Contractors call for ‘unworkable’ tractor testing legislation to be scrapped

Unworkable‘ legislation relating to the road-worthiness testing of tractors involved in commercial haulage needs to be rescinded.

This is the view of the Association of Farm and Forestry Contractors in Ireland (FCI) following a meeting called by the Road Safety Authority (RSA) in Naas, Co. Kildare, earlier today.

The FCI claims that a Statutory Instrument (SI 214 of 2017) to enforce a regulation relating to the road-worthiness testing of tractors capable of speeds in excess of 40kph (‘fast’ tractors) has already been signed by the Minister for Transport, Tourism and Sport, Shane Ross. It specifically relates to tractors being used for “commercial haulage”.

Also Read: Haulage: ‘Fast’ tractors travelling more than 25km from base liable for testing

It is alleged that this SI was signed on Thursday, September 21 – the final day of the National Ploughing Championships in Screggan, Co. Offaly – following no consultation with farming bodies, including the FCI.

FCI
Image source: Lorraine Kirk Photography

Various stakeholders were reportedly made aware of a 25km radius limit regulation for ‘fast’ tractors, involved in the haulage of even agricultural produce, at today’s meeting. The FCI believes this regulation is totally unworkable in Irish farming conditions.

According to the FCI, the SI in question states that tractors with a maximum design speed exceeding 40kph – the use of which takes place on public roads for commercial road haulage purposes – are limited to a distance of 25km from the address at which the owner ordinarily resides or carries out business, unless they undertake a road-worthiness test.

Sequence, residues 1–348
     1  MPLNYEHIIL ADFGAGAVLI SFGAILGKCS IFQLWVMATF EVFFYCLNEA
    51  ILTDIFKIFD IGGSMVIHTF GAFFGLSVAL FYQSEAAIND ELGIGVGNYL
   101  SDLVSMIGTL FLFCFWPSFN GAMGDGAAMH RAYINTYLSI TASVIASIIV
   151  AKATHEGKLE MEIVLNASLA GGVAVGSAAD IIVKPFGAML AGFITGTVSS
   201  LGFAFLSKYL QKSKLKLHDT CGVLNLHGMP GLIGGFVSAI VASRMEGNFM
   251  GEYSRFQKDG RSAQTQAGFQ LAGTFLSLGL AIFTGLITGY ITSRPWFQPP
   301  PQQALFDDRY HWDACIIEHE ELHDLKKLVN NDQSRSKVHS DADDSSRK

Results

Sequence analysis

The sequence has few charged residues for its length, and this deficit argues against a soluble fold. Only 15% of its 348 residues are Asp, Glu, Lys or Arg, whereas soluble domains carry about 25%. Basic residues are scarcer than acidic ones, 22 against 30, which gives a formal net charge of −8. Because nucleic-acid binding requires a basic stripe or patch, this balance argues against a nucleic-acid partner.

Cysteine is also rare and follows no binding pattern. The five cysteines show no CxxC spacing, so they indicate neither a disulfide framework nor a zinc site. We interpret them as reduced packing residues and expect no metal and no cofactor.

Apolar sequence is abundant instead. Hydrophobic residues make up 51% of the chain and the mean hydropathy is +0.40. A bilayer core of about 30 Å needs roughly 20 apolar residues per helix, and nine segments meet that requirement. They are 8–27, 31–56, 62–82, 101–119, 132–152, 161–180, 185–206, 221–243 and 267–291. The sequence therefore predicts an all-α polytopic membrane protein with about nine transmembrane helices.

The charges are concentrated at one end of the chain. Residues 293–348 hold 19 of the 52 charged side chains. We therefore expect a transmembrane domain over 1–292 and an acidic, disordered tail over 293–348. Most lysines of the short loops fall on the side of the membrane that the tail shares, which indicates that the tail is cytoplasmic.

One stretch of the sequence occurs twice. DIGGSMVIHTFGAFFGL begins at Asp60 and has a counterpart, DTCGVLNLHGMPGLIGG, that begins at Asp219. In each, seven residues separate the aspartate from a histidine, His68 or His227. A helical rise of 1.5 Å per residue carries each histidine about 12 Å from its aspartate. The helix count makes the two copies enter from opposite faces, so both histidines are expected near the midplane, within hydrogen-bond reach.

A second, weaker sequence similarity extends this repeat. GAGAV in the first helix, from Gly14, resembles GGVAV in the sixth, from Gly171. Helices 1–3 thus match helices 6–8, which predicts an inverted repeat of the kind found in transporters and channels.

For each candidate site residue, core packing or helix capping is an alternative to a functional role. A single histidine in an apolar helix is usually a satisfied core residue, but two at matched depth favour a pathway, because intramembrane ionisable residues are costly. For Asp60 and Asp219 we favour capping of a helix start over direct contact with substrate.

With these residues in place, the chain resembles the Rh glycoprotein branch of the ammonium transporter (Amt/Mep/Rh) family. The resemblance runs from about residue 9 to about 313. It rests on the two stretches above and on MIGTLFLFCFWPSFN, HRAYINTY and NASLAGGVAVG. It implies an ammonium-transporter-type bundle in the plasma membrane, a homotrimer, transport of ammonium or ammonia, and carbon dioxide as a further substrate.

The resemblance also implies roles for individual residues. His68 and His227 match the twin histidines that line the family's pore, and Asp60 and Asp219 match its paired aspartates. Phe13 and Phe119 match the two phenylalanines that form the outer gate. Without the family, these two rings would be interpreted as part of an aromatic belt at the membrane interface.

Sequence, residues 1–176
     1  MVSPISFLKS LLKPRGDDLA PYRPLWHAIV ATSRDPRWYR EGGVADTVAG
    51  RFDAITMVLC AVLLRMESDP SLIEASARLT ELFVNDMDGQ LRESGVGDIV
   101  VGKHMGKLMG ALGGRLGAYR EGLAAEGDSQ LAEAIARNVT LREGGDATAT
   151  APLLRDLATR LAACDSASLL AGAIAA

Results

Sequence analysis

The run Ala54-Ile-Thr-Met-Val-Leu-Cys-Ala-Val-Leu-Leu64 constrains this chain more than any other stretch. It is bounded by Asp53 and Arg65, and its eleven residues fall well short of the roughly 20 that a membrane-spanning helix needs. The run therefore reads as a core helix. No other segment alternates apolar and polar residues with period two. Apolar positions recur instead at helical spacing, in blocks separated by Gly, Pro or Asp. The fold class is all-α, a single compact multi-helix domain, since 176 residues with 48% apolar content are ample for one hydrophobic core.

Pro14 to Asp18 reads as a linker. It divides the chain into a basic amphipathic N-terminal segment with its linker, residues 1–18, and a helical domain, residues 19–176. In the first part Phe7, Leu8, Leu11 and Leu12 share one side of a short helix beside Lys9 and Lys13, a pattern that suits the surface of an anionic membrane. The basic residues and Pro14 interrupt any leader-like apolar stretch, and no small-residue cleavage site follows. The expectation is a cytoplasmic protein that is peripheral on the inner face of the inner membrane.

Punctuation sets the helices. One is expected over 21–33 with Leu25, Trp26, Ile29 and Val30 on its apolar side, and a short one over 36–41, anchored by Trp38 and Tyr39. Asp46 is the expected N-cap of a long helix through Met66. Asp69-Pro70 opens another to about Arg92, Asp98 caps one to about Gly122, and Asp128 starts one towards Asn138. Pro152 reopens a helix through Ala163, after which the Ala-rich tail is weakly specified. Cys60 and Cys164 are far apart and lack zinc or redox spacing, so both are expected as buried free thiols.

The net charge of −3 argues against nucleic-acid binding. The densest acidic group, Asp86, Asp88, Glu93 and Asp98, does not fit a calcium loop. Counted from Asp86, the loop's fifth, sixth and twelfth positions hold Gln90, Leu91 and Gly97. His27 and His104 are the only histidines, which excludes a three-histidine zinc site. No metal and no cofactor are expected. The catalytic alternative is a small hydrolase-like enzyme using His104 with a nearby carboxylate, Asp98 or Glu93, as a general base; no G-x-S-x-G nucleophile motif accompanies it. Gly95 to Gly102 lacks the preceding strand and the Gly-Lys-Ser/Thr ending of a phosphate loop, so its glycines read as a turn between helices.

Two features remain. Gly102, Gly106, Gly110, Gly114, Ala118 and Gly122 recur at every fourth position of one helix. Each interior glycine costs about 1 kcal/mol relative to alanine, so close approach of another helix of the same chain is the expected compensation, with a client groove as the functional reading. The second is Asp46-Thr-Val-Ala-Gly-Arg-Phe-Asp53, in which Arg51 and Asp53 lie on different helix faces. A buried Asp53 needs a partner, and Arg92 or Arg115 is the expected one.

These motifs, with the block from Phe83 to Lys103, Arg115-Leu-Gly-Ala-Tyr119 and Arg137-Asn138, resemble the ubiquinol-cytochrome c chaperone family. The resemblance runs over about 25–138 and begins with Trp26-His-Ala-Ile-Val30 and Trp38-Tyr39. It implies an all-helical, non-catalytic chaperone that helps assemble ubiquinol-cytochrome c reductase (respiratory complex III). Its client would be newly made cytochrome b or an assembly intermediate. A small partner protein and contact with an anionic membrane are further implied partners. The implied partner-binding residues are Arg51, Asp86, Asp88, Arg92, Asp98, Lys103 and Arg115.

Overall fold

The RSA has reportedly defined commercial road haulage as “to include the delivery of agricultural equipment or produce, where there is a contract relating to a delivery service and that includes the collection and delivery of bales of hay, straw and silage”.

Farmers to suffer ‘significant costs’ as a result

Commenting on the revelation, the national chairman of the FCI, Richard White, said: “The FCI believes that this will add significant costs to farmers, who will be forced to engage road haulage contractors to move bales from many out-farms in Irish winter conditions.

There is huge concern that this rule will force many smaller and older tractors, which are designed for speeds less than 40kph, into duty with added road safety risks – and it will also force other farmers to try and bring trucks down roads for which they were not designed.

“The FCI will be seeking the extension of this limit to 100km from the base of the contractor’s activities, for the haulage of all agricultural produce to include bales of silage, hay and straw, in addition to biomass products and biological fertilisers,” he added.

FCI

‘Broken promises’

The association representing farm and forestry contractors in Ireland is also particularly concerned with the way the SI was reportedly brought into law.

It outlined that it has been requesting – and was promised – meetings with the RSA since the start of this year, on the policy issues around the use of tractors for commercial activities.

Concluding, White said: “We have been told for months that we, along with others, would be consulted in advance of any legislation.

This has not happened and the RSA and the Department of Transport have brought in legislation by stealth. They have broken their promise of consultation, which leaves us suspicious that their motives are not entirely based on road safety concerns.

“We are now seeking that this SI 214 of 2017 be totally and immediately rescinded. We are demanding that proper consultations take place with all stakeholders to formulate working policy directions for the sensible definition of the use of agricultural tractors for commercial activities on Irish roads.”